Journalist and Writer
Hilary Wilce specialising in all aspects of education
Image of Hilary Wilce

The Quandary - 12 Nov 2009

I am very physical in how I teach drama. My new head has told me to change. Do I have to?

Hillary's Advice

High on my Christmas book list this year will be Trust: How We Lost It and How To Get It Back, by Anthony Seldon, the head of the Wellington College, who argues that the loss of this vital commodity is sapping society. He is right.

You say you are an experienced drama teacher who thinks nothing of giving a student a hug, or moving pupils around by the shoulders. What harm is there in that? But your timid new head is clearly terrified someone will decide these things are the first steps on the nasty road to child abuse.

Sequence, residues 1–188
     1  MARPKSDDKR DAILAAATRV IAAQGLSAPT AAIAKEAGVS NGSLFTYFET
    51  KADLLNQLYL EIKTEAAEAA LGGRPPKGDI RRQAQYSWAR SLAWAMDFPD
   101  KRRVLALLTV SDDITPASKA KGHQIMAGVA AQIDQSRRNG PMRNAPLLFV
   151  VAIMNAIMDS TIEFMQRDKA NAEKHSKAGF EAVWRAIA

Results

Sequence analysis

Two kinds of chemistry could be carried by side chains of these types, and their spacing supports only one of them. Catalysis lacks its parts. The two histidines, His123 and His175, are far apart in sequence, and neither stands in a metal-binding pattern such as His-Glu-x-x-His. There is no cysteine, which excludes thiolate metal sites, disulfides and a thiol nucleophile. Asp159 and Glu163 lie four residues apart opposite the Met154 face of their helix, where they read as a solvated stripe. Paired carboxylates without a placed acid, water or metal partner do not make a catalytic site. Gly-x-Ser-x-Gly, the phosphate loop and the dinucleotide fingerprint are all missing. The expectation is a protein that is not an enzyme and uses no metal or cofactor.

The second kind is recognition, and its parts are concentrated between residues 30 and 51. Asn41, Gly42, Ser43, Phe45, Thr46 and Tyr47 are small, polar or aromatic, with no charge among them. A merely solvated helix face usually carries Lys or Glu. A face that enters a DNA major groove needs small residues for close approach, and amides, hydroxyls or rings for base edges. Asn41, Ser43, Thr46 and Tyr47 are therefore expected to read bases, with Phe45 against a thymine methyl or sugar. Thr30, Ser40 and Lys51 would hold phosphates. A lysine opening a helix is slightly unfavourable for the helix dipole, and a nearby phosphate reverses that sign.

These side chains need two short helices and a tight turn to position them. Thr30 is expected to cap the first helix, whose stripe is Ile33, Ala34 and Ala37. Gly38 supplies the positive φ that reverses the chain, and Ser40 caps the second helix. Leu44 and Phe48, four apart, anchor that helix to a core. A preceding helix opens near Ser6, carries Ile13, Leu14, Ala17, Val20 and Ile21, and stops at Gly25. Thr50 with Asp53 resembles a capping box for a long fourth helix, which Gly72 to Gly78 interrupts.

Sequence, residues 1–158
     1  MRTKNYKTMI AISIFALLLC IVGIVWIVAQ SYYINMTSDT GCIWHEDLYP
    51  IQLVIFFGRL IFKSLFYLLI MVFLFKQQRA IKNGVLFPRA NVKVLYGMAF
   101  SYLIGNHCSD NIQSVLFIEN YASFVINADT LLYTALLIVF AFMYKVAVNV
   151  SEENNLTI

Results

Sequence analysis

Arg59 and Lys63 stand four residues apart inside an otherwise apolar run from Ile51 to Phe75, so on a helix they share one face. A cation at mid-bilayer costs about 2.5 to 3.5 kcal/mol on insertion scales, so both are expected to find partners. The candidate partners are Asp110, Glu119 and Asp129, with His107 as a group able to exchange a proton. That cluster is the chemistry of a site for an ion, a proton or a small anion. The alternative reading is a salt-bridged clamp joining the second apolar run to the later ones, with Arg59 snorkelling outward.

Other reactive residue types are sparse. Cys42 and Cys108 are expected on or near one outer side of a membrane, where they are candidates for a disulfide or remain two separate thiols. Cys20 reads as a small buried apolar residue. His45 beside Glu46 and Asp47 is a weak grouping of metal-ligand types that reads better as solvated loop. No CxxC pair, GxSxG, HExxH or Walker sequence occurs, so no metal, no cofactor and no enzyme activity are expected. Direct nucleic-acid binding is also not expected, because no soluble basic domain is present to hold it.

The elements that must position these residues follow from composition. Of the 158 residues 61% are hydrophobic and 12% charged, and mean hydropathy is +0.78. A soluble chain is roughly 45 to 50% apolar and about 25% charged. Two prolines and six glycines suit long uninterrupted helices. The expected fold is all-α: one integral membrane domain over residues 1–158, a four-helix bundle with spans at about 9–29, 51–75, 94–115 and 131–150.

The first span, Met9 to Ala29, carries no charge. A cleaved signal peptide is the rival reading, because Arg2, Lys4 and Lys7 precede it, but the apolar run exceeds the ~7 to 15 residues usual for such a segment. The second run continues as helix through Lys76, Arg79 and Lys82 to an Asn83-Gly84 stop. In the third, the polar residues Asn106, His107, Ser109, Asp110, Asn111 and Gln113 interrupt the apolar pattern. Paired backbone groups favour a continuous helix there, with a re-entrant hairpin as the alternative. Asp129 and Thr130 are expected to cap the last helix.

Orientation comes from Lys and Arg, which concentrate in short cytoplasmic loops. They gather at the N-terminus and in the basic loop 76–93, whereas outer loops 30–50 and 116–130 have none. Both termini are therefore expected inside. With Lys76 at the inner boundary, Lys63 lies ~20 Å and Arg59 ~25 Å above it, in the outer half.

In making this assumption, he Ė letís assume itís a he -- is not trusting you to do your job as you think best, not trusting his students to know the difference between normal human contact and physical touching driven by bullying or sexual desire, and not trusting parents to understand this either.

These are, of course, real worries. Unfounded allegations against teachers are made with depressing regularity these days. But a confident school leader would take his own measure of your teaching style, back you if he felt all was well, and only intervene if there was a problem.

Ask your head who exactly has complained about your classroom manner or teaching performance. Explain that it will be difficult to curb your natural exuberance and challenge the assumptions behind his request that you should do so. If he is unbending, and you are confident there is nothing wrong in how you teach, you may want to consider moving jobs.